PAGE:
There’s an Oedipal dimension, of course. This IS Ziggy Freud talking here, bros. “Once before one has found oneself in a similar state of helplessness,” he says, “as a small child, in relation to one’s parents.” We feared them, especially dad, but they protected us, especially dad. (We’ll get to the Oedipal part tomorrow; it’s too freaky for a Friday.) So he comes up with the compelling idea that God is an infant’s image of a father.

After I heard this idea, I happened to be scrolling past a Southern Baptist confab on the flat-screen Insignia and saw all those large white adults with their hands in the air, looking exactly like toddlers reaching up to their daddy and thought: Darn if this Freud fellow isn’t onto something.

Second, creepier reason: Religion is born from “memories of the helplessness of [our] own childhood” — he just told us that, but wait: “AND THE CHILDHOOD OF THE HUMAN RACE” [block caps added for maximum dramatic blog-tastic effect].

Say what? Religion is not just infantile wishful thinking. Oh no, that would be too simple. It’s all tied up in a collective historical memory of a terrible incident in the sands of Egypt when our ancestors rose up and killed Moses. Not in the Bible, you say? Ziggy’s truth is far deeper than mere works of Hebrew fiction.

Are you on the edge of your virtual psychoanalytic couch, girls? We thought so.

Grand Freud Auto

Not sure what that title has to do with anything, but it’s the best I can do, as we Minnesotans have passed the point of being restless and bored with winter. Now we peer over the railing of the Washington Bridge on our daily march to work and gaze longingly at the icy depths, begging God to take us into His own sweet embrace … except He can’t because the Mississippi River is covered with ICE!

So we trudge on — much as Sigmund “Ziggy” Freud did — howling all the way. “The elements,” he says in a particularly lovely phrase in his anti-God screed The Future of an Illusion, “have passions that rage as they do in our own souls.” Ziggy had soul! He had something he did not even believe existed.

As we’ve wandered deeper into January’s theme of Atheism, I’ve noticed a strange, Midwestern quirk in these skeptics. They don’t go all Medieval on the Big Banana and try to PROVE It does NOT exist, the way Anselm and Maimonides tried to prove that It did. No, they go all passive-aggressive on It.

Freud comes right out: “To assess the truth value of religious doctrines does not lie within the scope of the present enquiry.” And yet. Sociologists who study religion practice “methodological atheism,” which means they supposedly set aside truth claims about God and study only the human element. But darn if they don’t leave you feeling stupid for believing, every time.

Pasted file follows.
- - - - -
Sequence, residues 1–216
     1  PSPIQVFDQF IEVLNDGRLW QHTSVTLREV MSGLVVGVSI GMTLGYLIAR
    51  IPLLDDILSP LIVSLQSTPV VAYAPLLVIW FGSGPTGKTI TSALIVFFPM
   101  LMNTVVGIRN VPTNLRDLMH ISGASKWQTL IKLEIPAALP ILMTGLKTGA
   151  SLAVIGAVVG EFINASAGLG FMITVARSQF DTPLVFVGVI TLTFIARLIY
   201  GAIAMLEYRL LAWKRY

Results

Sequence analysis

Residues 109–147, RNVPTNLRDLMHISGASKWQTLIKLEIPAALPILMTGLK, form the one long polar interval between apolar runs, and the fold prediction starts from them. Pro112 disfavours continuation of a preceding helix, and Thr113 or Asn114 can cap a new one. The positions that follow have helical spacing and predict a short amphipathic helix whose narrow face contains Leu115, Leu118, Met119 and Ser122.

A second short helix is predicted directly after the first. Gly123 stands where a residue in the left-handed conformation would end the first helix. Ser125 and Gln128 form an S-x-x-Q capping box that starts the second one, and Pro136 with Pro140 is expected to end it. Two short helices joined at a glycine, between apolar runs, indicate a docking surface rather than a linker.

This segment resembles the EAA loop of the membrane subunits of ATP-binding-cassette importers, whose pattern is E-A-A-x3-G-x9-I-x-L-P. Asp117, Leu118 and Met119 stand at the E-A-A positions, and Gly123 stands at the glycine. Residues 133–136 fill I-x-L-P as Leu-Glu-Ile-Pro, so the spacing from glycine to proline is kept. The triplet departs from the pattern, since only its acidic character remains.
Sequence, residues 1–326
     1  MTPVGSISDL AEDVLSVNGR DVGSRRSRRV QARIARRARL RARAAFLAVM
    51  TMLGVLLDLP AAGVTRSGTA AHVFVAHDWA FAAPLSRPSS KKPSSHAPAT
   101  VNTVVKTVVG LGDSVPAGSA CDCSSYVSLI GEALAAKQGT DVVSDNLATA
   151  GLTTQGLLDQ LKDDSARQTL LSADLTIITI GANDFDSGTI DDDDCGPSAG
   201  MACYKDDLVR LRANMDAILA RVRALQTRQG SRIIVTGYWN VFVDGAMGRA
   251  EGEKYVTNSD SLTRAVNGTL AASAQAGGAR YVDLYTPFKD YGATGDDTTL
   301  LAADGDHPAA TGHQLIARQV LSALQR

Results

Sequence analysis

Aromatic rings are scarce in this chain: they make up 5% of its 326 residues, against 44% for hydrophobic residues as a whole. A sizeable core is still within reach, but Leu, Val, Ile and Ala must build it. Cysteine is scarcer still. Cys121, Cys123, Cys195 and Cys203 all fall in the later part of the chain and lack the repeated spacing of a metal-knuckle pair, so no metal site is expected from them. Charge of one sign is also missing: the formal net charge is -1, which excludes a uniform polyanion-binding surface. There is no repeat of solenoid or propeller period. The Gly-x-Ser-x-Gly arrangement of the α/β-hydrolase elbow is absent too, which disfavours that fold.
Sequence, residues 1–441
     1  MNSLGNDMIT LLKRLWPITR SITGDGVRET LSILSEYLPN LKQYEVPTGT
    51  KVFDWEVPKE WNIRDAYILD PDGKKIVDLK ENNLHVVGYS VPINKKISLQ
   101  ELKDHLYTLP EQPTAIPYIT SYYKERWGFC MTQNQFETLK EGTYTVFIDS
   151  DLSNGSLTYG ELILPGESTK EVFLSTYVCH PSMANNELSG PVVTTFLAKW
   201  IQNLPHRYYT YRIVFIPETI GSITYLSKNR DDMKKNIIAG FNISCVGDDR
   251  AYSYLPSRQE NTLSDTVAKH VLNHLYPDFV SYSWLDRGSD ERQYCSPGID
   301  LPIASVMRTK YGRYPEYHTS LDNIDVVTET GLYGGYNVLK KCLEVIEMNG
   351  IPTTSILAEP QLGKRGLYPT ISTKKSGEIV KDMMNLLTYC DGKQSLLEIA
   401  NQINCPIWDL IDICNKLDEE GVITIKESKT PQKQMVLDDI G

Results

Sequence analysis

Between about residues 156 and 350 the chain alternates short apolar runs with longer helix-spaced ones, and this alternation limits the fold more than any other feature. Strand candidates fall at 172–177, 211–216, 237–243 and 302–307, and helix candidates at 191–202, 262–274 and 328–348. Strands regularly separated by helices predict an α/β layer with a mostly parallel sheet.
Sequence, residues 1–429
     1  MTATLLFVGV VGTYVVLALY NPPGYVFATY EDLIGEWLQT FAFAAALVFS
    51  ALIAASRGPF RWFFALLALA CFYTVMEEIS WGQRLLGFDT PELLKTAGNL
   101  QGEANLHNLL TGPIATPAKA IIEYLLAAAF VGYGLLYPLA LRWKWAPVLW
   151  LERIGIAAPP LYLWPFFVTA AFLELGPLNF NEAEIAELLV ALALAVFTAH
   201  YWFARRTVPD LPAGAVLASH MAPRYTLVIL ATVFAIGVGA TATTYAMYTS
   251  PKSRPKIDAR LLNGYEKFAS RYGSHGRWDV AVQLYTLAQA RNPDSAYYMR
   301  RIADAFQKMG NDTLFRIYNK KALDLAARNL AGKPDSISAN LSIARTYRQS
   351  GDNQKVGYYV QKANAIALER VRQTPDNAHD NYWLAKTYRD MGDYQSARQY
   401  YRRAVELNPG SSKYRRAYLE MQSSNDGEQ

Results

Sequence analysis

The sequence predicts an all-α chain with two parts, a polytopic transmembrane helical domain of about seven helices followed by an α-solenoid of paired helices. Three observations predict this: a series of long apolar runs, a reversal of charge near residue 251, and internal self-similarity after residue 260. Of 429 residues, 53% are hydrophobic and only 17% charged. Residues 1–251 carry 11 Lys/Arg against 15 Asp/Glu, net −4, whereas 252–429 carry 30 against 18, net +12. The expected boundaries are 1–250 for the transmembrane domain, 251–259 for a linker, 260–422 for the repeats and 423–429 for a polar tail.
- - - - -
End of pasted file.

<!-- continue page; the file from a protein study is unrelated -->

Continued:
As a theologian, Ziggy was a great psychoanalyst. The “God” he describes (briefly) in Illusion is like a caricature of a picture book from a Shul class for eight year-olds called “Is God My Daddy?” Like the captions from a pamphlet I got at Sunday school in Birmingham, Michigan called “Jesus Is My Best Friend.” As the great Karen Armstrong points out in The Case for God, most atheists are smart people who haven’t bothered to learn much about religion.

Ziggy’s grasp of theology, much less religious experience, is about as compelling as my grasp of neurobiology. It’s that weak. Which doesn’t make him wrong, just less mind-blowing.

So here it is, free from The God Project Dot Net for the people of the world:

Judeo-Christian Theology, According to Ziggy Freud

First, religious ideas are “given out as teachings” and people believe them “because our forefathers believed.” Religious people all believe three things:

  1. “Benevolent rule of divine Providence” — that God “orders everything for the best — that is, to make it enjoyable for us”
  2. “A moral world-order” — that is, “in the end all good is rewarded and all evil punished”
  3. “Prolongation of earthly existence in a future life”

And that’s about it. Religion as a long, warm bath, with our eyes wide shut. Which is — to be honest — exactly what we need right now. Shalom.

Schaden-Freud

Well, seekers, we never thought we’d say this but here it is out loud in gray and white: Reading Sigmund “Ziggy” Freud is fun! He’s a blast of psychoanalytic organ music! A God-bashing geriatric gong!

The Father of Psychoanalysis

Of course he’s an atheist. Wake me up when you say something new. But I’d forgotten — if I ever knew — just what a splenetic, sassy, paranoid, ad hominem windbag of woe he appears on the pages of “The Future of an Illusion.” To be fair, this screed was committed in 1927 during the terrible pre-Nazi years, when Ziggy himself was 71 years old and feeling it.

But hey. If only people still wrote with such spiraling self-esteem, such eccentric style! It’s inspiring — and I mean this sincerely — to encounter such a clear point of view. Freud is no Minnesotan: he KNOWS for a fact that you are wrong.

“Illusion” is the primary text of atheism. It rehearses all but the most sociological and directly theological arguments against belief. It has no punchline; the thesis is right in the title, dude. Take a peek. About religious beliefs, Ziggy says: “All of them are illusions and insusceptible of proof.” And, worse: “Religion [is] the universal obsessional neurosis of humanity.”

His point makes more sense if instead of “illusion” you substitute “wishful-thinking.” He thinks religion is a Fantasy Island we’ve constructed to console us in a hostile world, a kind of imaginary prolongation of the warmer parts of pre-teen life.

Well, maybe. What’s more striking is Ziggy’s method. It’s frighteningly confident. For an anti-theological nuclear wedgie, “Illusion” contains not a single quote from scripture, theologians, church historians, any historians, other skeptics, atheists or angry colleagues from the Psychoanalytic Institute; not a lonely recitation of an event from history (except, weirdly, Prohibition), biographical sketch or amusing anecdote from the life of an Austrian truth-teller.

Nope: Freud is monologizing. More than once I thought of Moses in the Book of Deuteronomy. He just goes on and on.